time (in Fairport, NY during winter). It can get pretty cold in
    Fairport, NY, and many of the furnaces don't run without electricity.
    :)

    As a high-tech guy myself, I learned to distrust modern technology --
    It works great when it works, but in a pinch trust the old tried and
    proven methods.

    Harry C.
     
  12. default

    default Guest

    They still sell them but they have been replaced by fluorescent
    battery power lamps in lots of the stores.

    I use an Aladdin kerosene powered mantle lamp - still sell those too.
     
  13. I guess another argument would be that if there was a nuclear
    electromagnetic pulse (NEMP) event, a conventional bulb is more likely
    to survive than an LED.

    --
    Dave (from the UK)

    Please note my email address changes periodically to avoid spam.
    It is always of the form:
    Hitting reply will work for a few months only - later set it manually.

    http://witm.sourceforge.net/ (Web based Mathematica front end)
     
  14. Another good reason to always wear your aluminium foil beanie,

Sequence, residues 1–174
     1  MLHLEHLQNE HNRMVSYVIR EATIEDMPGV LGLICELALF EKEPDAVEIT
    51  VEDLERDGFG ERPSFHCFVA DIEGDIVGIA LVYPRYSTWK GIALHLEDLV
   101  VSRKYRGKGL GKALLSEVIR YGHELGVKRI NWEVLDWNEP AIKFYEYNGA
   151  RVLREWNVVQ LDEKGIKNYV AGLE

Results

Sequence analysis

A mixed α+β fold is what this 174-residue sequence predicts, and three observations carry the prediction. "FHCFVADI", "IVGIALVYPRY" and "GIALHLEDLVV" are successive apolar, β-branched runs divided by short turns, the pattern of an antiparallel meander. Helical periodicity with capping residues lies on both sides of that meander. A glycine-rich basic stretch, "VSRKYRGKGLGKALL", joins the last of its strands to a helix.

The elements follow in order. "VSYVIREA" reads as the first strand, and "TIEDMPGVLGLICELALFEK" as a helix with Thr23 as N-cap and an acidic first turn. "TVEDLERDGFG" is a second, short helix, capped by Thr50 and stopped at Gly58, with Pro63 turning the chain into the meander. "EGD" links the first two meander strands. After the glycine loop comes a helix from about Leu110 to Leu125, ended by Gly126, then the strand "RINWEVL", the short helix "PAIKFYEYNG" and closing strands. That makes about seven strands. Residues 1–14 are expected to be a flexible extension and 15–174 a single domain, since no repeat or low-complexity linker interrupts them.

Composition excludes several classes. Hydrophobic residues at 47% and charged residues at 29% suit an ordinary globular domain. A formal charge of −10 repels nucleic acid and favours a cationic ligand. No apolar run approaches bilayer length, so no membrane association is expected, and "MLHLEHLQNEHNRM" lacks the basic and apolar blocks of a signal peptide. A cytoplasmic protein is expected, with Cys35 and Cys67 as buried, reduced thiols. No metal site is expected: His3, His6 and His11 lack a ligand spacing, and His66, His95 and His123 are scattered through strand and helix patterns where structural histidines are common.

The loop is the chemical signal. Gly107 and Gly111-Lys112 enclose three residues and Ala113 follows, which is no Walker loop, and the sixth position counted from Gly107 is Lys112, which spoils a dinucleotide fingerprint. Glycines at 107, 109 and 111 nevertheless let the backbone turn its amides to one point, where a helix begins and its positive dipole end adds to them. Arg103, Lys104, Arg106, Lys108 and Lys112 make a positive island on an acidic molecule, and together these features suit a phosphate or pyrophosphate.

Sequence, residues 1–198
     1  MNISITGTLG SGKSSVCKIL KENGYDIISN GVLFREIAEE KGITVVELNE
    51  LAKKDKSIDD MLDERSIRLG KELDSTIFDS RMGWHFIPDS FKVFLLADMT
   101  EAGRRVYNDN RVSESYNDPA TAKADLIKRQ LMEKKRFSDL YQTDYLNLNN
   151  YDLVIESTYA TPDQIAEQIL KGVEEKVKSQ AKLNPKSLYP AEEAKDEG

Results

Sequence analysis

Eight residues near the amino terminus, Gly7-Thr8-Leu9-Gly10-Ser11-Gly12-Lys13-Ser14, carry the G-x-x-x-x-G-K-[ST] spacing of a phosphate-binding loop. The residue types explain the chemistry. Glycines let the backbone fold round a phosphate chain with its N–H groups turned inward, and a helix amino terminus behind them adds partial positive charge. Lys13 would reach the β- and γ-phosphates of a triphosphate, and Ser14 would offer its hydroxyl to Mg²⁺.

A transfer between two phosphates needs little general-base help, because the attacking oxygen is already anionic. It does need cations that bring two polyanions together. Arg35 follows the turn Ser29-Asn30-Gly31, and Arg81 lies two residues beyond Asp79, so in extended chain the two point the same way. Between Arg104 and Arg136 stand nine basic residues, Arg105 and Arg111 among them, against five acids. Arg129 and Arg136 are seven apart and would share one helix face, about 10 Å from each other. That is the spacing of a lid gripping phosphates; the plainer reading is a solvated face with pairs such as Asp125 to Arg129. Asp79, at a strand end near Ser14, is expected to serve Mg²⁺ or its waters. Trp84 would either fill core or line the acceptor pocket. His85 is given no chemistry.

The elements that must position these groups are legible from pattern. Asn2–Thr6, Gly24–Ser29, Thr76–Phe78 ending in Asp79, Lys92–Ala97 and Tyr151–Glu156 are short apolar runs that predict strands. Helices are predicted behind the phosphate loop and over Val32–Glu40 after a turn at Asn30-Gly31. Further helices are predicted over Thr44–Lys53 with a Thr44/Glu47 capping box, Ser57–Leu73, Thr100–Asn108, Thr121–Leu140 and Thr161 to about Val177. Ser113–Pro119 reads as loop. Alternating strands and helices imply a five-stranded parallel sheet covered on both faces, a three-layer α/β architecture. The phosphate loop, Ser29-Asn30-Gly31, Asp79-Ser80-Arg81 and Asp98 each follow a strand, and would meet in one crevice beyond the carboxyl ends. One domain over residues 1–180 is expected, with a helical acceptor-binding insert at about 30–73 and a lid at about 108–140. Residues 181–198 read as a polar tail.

--
    _____ _ _
    |_ _| | | | |
    | | __ _ _ __ ___ | |__| | ___ _ __ ___ ___ _ __
    | | / _` | '_ ` _ \ | __ |/ _ \| '_ ` _ \ / _ \ '__|
    _| |_ | (_| | | | | | | | | | | (_) | | | | | | __/ |
    |_____| \__,_|_| |_| |_| |_| |_|\___/|_| |_| |_|\___|_|
    __ ____
    / _| | _ \
    ___ | |_ | |_) | ___ _ __ __ _
    / _ \| _| | _ < / _ \| '__/ _` |
    | (_) | | | |_) | (_) | | | (_| |_
    \___/|_| |____/ \___/|_| \__, (_)
    __/ |
    |___/











    ....

    ....
     
  15. Ever see the white ones? Ever see their spectra? Well, the usual white
    LEDs are not perfect, but they are a good enough kind of "white" to
    improve upon "cool white" fluorescents in terms of color rendering index!
    There are now some that I see as defeating such a claim! Such as most
    and maybe all Pelican "Recoil" models, and for that matter a large
    majority of units having a single LED rated at least "1 watt"? Even the
    Dorcy brand ones I have seen at Target with "1-watt" LEDs? And almost all
    others that rightfully say that the LED is a "Luxeon" one even if they do
    not mention wattage?
    That has not been my experience!
    Drop it when it is on and the bulb has some fair chance of getting
    killed as dead as bugs die in Raid commercials!

    Same for Mag lights with incandescent bulbs, even though the rest of the